Date of Award

Summer 2009

Degree Type

Dissertation

Degree Name

Doctor of Philosophy (PhD)

Graduate Group

Biochemistry & Molecular Biophysics

First Advisor

E. Michael Ostap

Abstract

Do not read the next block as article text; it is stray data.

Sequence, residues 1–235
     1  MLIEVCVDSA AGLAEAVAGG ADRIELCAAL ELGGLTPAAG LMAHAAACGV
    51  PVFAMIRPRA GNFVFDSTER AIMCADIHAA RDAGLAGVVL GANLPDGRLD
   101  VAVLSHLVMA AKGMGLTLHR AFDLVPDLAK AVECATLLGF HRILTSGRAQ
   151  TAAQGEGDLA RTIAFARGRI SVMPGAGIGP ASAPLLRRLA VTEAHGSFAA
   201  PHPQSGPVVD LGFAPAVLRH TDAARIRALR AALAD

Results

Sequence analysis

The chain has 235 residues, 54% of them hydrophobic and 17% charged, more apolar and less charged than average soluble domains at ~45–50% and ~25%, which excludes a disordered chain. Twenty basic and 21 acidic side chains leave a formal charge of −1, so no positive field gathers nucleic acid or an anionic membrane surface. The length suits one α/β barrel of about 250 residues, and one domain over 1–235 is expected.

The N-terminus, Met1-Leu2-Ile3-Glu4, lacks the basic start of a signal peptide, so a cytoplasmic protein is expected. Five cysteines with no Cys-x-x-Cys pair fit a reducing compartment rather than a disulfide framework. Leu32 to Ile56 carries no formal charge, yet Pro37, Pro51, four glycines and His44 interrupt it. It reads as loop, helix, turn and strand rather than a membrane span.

Myosin-Is are the single-headed, membrane-associated members of the myosin superfamily that are found in many eukaryotic cells. These actin-based motors have been shown to play important roles in powering membrane dynamics, defining cytoskeletal structure, and regulating mechanical signal-transduction. However, many molecular details of myosin-I function are not known. My goal has been to determine the mechanical and kinetic properties of a myosin-I isoform (myo1b) as it undergoes its force-generating power stroke under physiological tension and when external mechanical loads are applied to it. We therefore characterized the force dependence of myo1b splice isoforms using an optical trap and a novel isometric force clamp. Myo1b is alternatively spliced within the regulatory domain of the molecule, yielding motors that have “lever-arms” with different lengths. We found the actin-attachment kinetics of all myo1b splice isoforms to be highly force sensitive, with forces of < 2 pN decreasing the rate of actin detachment > 75 fold. However, we found that the magnitude of the tension sensitivities depend on the splice isoform. Therefore, we propose that the tension sensing properties of myo1b are transcriptionally regulated. Finally, we found the tension sensitivity of myo1b to be regulated by calcium, such that micromolar calcium concentrations effectively uncouple the myosin active site from lever arm rotation. Taken together, this work supports a model in which myosin-Is play roles in generating and sustaining membrane tension, and that the mechanochemical properties of this protein are regulated by alternative splicing and calcium.

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